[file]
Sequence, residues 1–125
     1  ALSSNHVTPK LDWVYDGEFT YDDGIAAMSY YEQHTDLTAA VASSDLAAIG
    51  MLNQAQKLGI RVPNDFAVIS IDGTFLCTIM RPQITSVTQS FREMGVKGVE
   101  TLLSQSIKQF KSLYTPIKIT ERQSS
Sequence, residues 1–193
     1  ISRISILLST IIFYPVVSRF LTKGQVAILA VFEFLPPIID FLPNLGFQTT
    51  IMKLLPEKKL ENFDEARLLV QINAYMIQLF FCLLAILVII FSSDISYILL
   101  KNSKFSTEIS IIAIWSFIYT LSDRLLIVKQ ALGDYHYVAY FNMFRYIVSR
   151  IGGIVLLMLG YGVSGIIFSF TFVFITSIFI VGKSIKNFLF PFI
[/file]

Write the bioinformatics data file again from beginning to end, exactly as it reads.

Sequence, residues 1–125
     1  ALSSNHVTPK LDWVYDGEFT YDDGIAAMSY YEQHTDLTAA VASSDLAAIG
    51  MLNQAQKLGI RVPNDFAVIS IDGTFLCTIM RPQITSVTQS FREMGVKGVE
   101  TLLSQSIKQF KSLYTPIKIT ERQSS
Sequence, residues 1–193
     1  ISRISILLST IIFYPVVSRF LTKGQVAILA VFEFLPPIID FLPNLGFQTT
    51  IMKLLPEKKL ENFDEARLLV QINAYMIQLF FCLLAILVII FSSDISYILL
   101  KNSKFSTEIS IIAIWSFIYT LSDRLLIVKQ ALGDYHYVAY FNMFRYIVSR
   151  IGGIVLLMLG YGVSGIIFSF TFVFITSIFI VGKSIKNFLF PFI